Putting life at risk worth more points
Friday, June 3, 2005
Maybe you noticed, on Thursday's Health page, that Shape Up Cape has revved up for another summer of fitness fun. And maybe you noticed that one of the Southeast Missourian teams, Fit to Print, includes eight health-conscious members of the news staff. And maybe you noticed yours truly is among them.
Even if you haven't noticed any of those things, I'd like to call your attention to the value of a communitywide program aimed at getting more of us involved in healthy habits during a summer of friendly competition.
Look at all those teams. I'll bet most of those team members have the notion they will be sleek and fit when autumn rolls around. Sure enough, some of them will be. Matter of fact, some of them are already. Most of us, however, will be ... well, we'll be pretty much what we've always been and always will be: just a mite shy of Brad Pitt or Jennifer Lopez. (For my contemporaries, that would be Robert Redford on a good day and Candice Bergen anytime.)
I've got some whining to do about the way points are calculated under the Shape Up Cape rules. I've moaned about them to everyone here in the newsroom. No reason you should be spared.
There's a 15-point-per-day limit on the points any individual can accumulate, even if said individual works his butt off exercising like a maniac. This rule, no doubt, is an effort to level the playing field, knowing there are some fitness nuts for whom 30 points a day would be a breeze, and having them on anyone's team would be considered an unfair advantage.
This is dumbbell thinking in my book.
For most of us on Shape Up Cape teams, real exercise is a monumental undertaking. Our days of pulling the handle on a La-Z-Boy and reaching down to the bottom shelf of the refrigerator have conditioned us in ways that are not necessarily in sync with treadmills or any exercise equipment with the word "elliptical" in its name.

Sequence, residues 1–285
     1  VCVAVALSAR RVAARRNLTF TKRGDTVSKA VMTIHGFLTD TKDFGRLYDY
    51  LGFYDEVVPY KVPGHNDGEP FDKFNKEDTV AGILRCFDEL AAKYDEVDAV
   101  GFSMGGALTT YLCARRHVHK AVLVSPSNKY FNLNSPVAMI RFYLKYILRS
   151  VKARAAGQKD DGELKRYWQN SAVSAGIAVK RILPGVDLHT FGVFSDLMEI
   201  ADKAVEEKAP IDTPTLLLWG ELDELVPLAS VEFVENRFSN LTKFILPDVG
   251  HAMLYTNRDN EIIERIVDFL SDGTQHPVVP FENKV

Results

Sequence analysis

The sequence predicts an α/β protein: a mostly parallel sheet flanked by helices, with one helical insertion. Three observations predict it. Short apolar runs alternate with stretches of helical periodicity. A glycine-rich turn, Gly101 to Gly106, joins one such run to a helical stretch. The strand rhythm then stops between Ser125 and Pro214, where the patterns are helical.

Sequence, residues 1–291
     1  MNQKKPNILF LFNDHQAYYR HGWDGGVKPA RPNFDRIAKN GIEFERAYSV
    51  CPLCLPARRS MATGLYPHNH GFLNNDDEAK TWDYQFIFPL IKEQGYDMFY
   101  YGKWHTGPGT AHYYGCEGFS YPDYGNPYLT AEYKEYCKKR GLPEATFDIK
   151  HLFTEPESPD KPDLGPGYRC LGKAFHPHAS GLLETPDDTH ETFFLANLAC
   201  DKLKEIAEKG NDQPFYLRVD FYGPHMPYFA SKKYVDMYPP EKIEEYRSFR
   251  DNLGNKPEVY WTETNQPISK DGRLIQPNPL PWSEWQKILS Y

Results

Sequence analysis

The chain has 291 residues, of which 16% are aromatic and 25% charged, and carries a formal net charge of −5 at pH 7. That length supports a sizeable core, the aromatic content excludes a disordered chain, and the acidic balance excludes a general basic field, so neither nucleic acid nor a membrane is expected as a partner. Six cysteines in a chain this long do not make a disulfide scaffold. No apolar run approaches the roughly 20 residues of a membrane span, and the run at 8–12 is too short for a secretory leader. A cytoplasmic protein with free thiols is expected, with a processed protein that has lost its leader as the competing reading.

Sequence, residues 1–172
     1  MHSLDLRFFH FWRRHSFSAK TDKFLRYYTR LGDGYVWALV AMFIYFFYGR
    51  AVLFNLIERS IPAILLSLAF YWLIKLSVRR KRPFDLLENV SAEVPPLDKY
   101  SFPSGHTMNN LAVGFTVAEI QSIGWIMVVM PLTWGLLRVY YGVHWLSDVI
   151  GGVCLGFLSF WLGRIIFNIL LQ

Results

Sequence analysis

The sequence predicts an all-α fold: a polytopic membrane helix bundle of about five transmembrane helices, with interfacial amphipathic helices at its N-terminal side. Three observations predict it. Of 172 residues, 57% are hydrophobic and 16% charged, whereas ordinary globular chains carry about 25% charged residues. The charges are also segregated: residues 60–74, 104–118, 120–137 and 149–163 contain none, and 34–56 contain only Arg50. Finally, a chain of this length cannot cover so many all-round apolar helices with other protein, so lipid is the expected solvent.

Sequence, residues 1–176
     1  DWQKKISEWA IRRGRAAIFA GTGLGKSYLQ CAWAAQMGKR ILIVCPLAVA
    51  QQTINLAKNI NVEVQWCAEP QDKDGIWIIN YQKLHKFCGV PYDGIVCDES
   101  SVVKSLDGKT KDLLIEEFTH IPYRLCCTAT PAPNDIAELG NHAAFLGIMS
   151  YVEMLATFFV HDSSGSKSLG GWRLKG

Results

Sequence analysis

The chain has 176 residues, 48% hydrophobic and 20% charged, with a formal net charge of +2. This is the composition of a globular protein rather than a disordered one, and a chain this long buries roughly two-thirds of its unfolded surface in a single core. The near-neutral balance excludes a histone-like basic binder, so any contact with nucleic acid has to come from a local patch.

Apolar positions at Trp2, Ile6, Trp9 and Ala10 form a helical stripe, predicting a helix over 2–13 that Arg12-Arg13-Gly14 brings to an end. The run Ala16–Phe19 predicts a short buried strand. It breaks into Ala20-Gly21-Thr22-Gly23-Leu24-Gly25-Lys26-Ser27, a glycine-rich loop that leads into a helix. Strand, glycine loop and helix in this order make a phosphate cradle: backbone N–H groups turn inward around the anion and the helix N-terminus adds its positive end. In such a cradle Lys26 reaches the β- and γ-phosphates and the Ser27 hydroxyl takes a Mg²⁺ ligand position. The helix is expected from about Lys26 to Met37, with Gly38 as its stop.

If we manage to do more than 15 points' worth of physical activity in any given day, then by golly we should get double points instead of being penalized.
No, make that triple points.
So far, my griping has been ignored, even by the personal trainer who oversees my workouts at one of the local fitness emporiums.
So as not to put him on the spot, let's call him Andy.
Andy is a friendly, knowledgeable, supportive taskmaster/demon who stays awake in the dark of night dreaming up ways to use expensive exercise equipment to inflict torture. One of his college courses, I'm pretty sure, involved the rack, which was quite a popular device at most gyms during the Inquisition.
Whenever I complain to Andy that I'm an old man who isn't likely to ever -- never in his wildest dreams -- be able to bend and lift like a 20-something, he gets this expression on his face that, in my estimation, is way too close to a smile.
My biggest nemesis at the fitness center is something called a step mill. It's a three-step escalator (going down) that you are expected to go up. Endlessly.
After I had spent several weeks at the fitness center, Andy decided I should endure 11 minutes -- this is two lifetimes and most of an eternity in fitness years -- on the step mill. I did it. And when it was over, I was closer to death than I have ever been. Even Andy's smile turned to a look of genuine concern.
Near-death experiences, by my reckoning, are worth a heck of a lot more 15 points. Any day of the week.
Don't you agree?
R. Joe Sullivan is the editor of the Southeast Missourian.